The Jewel of Medina - censored
Things went relatively quiet for a while, mainly until the Danish cartoons about Mohammad which elicited threats of violence, then caused actual violence, and led to demands for censorship. The Danish cartoonist, not to mention the newspaper and its editor, have since become internationally known, and circulation is very healthy indeed
But now there is a novel by one Sherry Jones – The Jewel of Medina – about Mohammad’s relationship with his youngest wife Aisha, to whom he was betrothed while she was around the age of six, and whom he married when she was around the age of 11. It is somewhat racy, and Cranmer has read an excerpt which is certainly on the peripheries of literary pornography, but the Wall St Journal tells us that the publisher, Random House, abruptly called off publication of the book (someone should tell Amazon). ‘The series of events that torpedoed this novel are a window into how quickly fear stunts intelligent discourse about the Muslim world. Random House feared the book would become a new "Satanic Verses," the Salman Rushdie novel of 1988 that led to death threats, riots and the murder of the book's Japanese translator...’
But it was not any objection by radical Muslim clerics which have caused Random House to withdraw from the deal, but an American academic: ‘In April, looking for endorsements, Random House sent galleys to writers and scholars, including Denise Spellberg, an associate professor of Islamic history at the University of Texas in Austin. Ms. Jones put her on the list because she read Ms. Spellberg's book, "Politics, Gender, and the Islamic Past: The Legacy of 'A'isha Bint Abi Bakr.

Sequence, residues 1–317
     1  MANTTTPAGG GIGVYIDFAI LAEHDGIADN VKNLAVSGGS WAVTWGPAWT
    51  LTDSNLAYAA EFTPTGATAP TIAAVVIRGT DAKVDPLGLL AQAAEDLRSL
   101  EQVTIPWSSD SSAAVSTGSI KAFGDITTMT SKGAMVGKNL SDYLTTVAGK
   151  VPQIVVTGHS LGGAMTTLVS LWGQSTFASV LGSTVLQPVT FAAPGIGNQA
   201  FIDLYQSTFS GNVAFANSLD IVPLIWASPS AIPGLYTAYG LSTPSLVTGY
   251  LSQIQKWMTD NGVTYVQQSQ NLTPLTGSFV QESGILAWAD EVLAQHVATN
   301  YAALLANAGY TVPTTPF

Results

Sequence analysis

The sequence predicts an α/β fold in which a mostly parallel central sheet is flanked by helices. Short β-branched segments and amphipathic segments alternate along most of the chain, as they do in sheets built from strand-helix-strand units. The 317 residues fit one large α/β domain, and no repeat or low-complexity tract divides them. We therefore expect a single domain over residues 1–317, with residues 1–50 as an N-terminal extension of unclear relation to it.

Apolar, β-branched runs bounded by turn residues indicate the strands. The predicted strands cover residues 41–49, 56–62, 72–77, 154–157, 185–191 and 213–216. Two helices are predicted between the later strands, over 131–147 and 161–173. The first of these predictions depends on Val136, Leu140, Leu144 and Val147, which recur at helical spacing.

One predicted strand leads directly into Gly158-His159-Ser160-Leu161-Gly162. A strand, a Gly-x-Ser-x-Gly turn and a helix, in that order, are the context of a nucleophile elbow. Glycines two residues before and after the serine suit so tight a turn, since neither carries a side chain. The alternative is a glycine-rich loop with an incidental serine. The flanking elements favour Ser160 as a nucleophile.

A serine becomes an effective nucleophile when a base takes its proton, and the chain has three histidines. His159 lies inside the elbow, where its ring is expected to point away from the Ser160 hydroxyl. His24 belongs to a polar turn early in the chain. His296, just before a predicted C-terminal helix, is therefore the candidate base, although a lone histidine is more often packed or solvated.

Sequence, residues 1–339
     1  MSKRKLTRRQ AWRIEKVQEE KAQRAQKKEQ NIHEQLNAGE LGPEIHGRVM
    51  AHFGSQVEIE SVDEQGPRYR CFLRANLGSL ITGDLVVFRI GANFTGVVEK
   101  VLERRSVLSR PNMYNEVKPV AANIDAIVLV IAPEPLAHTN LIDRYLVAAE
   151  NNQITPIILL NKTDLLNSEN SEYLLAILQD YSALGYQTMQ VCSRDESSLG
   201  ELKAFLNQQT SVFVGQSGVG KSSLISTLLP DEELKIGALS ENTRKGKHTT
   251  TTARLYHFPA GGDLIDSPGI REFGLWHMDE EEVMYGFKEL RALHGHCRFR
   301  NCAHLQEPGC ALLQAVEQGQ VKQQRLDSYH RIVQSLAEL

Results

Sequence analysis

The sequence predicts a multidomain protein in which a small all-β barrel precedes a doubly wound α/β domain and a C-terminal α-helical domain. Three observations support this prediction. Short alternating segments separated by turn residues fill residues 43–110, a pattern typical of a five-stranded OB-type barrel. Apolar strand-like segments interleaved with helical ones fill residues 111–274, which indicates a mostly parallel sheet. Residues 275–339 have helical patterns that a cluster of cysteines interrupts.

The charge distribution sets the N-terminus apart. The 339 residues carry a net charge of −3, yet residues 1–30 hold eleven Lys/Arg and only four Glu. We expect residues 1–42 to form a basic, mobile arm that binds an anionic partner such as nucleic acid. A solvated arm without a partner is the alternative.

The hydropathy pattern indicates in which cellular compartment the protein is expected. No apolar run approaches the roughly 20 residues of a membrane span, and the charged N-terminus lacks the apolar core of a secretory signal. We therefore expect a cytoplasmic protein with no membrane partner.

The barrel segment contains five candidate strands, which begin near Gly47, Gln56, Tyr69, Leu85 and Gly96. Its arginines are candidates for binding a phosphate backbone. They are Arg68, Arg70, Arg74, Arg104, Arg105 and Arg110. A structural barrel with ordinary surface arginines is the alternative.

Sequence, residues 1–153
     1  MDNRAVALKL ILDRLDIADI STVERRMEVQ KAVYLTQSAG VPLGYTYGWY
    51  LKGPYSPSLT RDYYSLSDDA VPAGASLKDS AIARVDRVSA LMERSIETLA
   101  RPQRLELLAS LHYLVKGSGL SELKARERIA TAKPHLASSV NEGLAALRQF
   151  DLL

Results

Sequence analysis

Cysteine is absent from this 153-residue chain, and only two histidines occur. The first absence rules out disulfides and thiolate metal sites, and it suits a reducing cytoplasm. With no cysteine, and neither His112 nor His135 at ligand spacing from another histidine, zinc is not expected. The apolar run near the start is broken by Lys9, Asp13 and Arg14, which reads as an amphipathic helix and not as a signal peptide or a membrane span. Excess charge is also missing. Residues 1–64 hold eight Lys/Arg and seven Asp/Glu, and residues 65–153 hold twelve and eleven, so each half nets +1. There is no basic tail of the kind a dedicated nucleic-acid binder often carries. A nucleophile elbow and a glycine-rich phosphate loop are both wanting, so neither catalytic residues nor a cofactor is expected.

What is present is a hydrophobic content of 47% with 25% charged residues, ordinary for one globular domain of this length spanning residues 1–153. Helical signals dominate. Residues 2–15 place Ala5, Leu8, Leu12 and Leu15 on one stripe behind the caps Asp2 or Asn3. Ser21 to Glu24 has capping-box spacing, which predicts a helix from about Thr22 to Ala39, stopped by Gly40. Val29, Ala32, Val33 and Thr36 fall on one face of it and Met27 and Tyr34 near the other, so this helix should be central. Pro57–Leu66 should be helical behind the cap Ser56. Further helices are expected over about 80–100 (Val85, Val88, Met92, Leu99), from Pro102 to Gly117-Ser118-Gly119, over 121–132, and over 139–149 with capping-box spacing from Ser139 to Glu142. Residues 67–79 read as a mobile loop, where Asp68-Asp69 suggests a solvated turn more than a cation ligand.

‘But Ms. Spellberg wasn't a fan of Ms. Jones's book. On April 30, Shahed Amanullah, a guest lecturer in Ms. Spellberg's classes and the editor of a popular Muslim Web site, got a frantic call from her. "She was upset," Mr. Amanullah recalls. He says Ms. Spellberg told him the novel "made fun of Muslims and their history," and asked him to warn Muslims.
‘In an interview, Ms. Spellberg told me the novel is a "very ugly, stupid piece of work." The novel, for example, includes a scene on the night when Muhammad consummated his marriage with Aisha: "the pain of consummation soon melted away. Muhammad was so gentle. I hardly felt the scorpion's sting. To be in his arms, skin to skin, was the bliss I had longed for all my life." Says Ms. Spellberg: "I walked through a metal detector to see 'Last Temptation of Christ,'" the controversial 1980s film adaptation of a novel that depicted a relationship between Jesus and Mary Magdalene. "I don't have a problem with historical fiction. I do have a problem with the deliberate misinterpretation of history. You can't play with a sacred history and turn it into soft core pornography."’
It then seems that the Islamic blogosphere swung into action, for the very next day a blogger known as Shahid Pradhan posted on a Web site for Shi’ite Muslims – ‘Hussaini Youth’ - under a headline, ‘upcoming book, “Jewel of Medina”: A new attempt to slander the Prophet of Islam’.
This was swiftly followed by a seven-point strategy to ensure ‘the writer withdraws this book from the stores and apologise all the Muslims across the world’.
And so Random House has done, to its great shame, and to the dishonour of the founding principles of the Constitution of the United States of America.
There is manifestly no freedom of speech or freedom of expression where Islam is concerned: there is a de facto unwritten blasphemy law in operation throughout the Western world.
But if this is the response to a positive portrayal of Mohammed’s love life, what would be the response to the story of his other wives and concubines, especially those of Jewish heritage? What would be the response to the telling of the tales of systematic genocide, beheadings, barbarism and butchery; to the stories of children raped and sold off into slavery; to the gang rape of wives and daughters; to the looting and destruction of property; to the forced conversions on pain of death?
It is all in the Qur’an.
Cranmer awaits the film. The response to ‘The Life of Brian’ will seem like a comparative walk in the park. The distributors would not need to spend a penny on marketing or promotion, for the news would spread like wildfire. It would be a marketing strategy to die for.